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National and State Registers of Historic Places

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County: Sedgwick
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Page 4 of 14 showing 10 records of 140 total, starting on record 31
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Colorado-Derby Building

Picture of property 201 N. Water St.
Wichita (Sedgwick County)
Listed in State Register 2015-11-07

Architect: William I. Fisher
Category: business; commerce

Constructed in 1959-1960, the nine-story Colorado-Derby Building is an early example of a Modern Movement speculative office tower erected within a pattern of development that shaped Wichita's downtown at midcentury. New buildings erected as icons on the skyline were intended to refresh, modernize, and revitalize the downtown core through public and private investment in civic and commercial improvements. Frank and Harvey Ablah recognized the onset of this trend and constructed the Colorado-Derby Building to provide speculative office space, redeveloping the site of the Ablah Hotel Supply Company. Named for its largest and most prominent tenant, the Colorado-Derby Building was fully occupied when it opened in 1960 and maintained high occupancy rates over the following decade. The construction and subsequent occupancy of this building illustrates the continuing importance of manufacturing industries to the economy of Wichita at midcentury and the ability of these industries to contribute to the economic and physical revitalization of downtown. The blocks immediately surrounding the building continued to develop in a similar fashion over the following decade with large-scale modern buildings and parking lots replacing smaller commercial and industrial buildings built a half-century earlier. All of this development activity culminated in a formal Urban Renewal project utilizing federal funds in the late 1960s. In Wichita, private investment focused on providing office space for industrial companies, rather than public funding initiated the revitalization that transformed downtown. The Colorado-Derby Building is an important early example of this private investment trend.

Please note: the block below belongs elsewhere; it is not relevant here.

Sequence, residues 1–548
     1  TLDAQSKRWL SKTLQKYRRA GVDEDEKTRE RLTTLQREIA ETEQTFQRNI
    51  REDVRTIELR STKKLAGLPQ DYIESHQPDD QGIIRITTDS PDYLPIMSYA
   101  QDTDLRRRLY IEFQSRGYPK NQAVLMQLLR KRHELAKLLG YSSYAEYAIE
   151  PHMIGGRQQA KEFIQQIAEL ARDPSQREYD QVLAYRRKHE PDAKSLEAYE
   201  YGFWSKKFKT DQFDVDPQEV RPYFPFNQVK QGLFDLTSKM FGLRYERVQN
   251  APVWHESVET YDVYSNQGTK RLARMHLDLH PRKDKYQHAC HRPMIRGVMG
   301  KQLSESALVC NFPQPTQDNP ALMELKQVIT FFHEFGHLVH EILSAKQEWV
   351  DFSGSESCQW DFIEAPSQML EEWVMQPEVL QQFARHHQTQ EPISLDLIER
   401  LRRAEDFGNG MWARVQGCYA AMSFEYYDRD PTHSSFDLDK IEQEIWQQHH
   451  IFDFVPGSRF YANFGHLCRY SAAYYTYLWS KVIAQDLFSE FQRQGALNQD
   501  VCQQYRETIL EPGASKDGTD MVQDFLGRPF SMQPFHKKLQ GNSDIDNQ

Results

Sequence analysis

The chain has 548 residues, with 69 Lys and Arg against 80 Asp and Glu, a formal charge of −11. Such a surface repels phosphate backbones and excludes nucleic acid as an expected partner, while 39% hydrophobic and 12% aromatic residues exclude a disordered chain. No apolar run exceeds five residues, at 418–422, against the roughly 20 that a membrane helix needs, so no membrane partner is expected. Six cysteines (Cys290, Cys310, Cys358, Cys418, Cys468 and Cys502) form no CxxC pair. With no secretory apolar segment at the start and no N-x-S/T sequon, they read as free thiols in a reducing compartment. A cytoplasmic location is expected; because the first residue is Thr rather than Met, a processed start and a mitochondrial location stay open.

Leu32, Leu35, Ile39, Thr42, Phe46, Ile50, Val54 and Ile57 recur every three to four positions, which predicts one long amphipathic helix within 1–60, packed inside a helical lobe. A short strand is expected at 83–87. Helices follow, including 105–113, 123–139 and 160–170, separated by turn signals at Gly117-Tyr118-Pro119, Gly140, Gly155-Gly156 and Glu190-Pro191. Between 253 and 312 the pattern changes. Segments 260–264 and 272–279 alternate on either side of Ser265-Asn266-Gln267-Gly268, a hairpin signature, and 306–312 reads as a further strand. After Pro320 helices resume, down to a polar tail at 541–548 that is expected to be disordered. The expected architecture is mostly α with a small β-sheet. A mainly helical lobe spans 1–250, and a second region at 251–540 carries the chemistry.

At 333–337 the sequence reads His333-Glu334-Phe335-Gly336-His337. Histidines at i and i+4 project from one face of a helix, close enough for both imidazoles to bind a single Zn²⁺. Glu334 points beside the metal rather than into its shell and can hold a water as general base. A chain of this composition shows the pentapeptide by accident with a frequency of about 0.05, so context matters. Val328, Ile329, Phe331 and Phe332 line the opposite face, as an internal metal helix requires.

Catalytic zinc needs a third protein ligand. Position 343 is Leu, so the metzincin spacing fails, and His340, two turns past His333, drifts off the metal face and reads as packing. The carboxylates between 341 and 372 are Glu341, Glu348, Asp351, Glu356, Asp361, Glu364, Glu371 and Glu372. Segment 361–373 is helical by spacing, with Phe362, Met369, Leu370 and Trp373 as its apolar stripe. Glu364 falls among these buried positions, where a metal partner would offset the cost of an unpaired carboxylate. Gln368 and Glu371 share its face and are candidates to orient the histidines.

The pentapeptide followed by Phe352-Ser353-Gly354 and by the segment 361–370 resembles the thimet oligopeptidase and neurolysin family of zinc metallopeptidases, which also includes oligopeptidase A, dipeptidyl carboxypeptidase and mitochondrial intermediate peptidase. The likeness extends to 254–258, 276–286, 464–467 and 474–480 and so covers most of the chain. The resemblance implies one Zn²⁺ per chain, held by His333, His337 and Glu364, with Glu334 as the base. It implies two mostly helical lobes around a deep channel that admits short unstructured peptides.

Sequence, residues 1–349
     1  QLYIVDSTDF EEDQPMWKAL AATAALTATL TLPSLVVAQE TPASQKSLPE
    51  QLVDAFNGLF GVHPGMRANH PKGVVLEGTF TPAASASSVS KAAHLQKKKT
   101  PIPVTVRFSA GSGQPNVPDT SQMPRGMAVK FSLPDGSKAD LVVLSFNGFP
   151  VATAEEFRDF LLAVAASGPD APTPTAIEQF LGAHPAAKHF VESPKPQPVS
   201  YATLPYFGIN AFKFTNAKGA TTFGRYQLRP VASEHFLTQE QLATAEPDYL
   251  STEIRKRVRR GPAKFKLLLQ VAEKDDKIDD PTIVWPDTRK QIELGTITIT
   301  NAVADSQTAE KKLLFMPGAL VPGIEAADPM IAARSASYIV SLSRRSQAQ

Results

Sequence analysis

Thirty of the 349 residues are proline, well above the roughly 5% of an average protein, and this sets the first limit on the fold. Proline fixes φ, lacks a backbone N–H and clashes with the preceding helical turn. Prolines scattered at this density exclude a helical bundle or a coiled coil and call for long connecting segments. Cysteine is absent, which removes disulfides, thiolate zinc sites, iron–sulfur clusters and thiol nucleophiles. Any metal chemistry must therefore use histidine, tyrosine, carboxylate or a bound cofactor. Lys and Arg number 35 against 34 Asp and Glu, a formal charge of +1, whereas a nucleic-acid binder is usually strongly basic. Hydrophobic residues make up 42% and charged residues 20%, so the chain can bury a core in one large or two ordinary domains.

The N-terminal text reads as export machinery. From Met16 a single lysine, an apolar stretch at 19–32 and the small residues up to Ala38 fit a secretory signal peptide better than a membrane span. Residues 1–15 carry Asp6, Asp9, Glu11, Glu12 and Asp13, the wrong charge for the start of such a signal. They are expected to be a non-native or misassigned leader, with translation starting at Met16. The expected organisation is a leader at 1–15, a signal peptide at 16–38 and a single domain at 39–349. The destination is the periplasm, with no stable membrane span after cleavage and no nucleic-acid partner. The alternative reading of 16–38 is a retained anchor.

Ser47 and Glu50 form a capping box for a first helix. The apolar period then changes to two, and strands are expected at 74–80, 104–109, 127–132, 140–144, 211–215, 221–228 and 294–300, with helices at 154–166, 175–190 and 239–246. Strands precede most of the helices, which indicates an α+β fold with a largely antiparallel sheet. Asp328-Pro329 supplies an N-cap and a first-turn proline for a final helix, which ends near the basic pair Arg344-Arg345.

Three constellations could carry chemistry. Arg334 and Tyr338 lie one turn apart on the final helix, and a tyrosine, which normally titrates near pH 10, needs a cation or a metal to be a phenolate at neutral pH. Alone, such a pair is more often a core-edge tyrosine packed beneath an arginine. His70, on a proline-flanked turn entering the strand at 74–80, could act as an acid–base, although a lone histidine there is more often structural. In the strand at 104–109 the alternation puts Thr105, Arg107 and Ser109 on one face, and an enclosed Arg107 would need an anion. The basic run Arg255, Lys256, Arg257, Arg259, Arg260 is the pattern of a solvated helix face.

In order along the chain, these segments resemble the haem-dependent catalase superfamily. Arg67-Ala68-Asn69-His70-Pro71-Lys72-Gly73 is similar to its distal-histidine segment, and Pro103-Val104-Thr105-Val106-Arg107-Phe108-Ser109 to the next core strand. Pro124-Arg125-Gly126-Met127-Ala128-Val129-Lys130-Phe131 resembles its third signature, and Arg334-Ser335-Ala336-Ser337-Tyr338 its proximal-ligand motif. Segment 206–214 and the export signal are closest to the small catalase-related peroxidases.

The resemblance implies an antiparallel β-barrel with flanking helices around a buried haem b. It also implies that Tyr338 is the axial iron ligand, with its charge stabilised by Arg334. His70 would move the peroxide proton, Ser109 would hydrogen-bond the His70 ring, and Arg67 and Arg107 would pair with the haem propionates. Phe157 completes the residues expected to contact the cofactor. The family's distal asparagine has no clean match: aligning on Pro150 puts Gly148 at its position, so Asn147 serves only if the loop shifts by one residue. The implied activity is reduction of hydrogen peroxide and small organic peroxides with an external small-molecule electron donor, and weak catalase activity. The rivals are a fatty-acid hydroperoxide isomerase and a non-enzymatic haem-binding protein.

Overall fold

Comley House

Picture of property 1137 N Broadway
Wichita (Sedgwick County)
Listed in National Register 2006-11-01

Architect: Not listed
Category: single dwelling

The Comley House (ca 1899) and its 1914 carriage house were constructed for Henry Comley, a Wichita lumberman. The two-and-a-half story, wood-frame house is being nominated for its depiction of the Queen Anne style and also for its association with Henry Comley. The Comley Lumber Company operated from 1913 until 1973 having served both commercial and residential communities through three generations.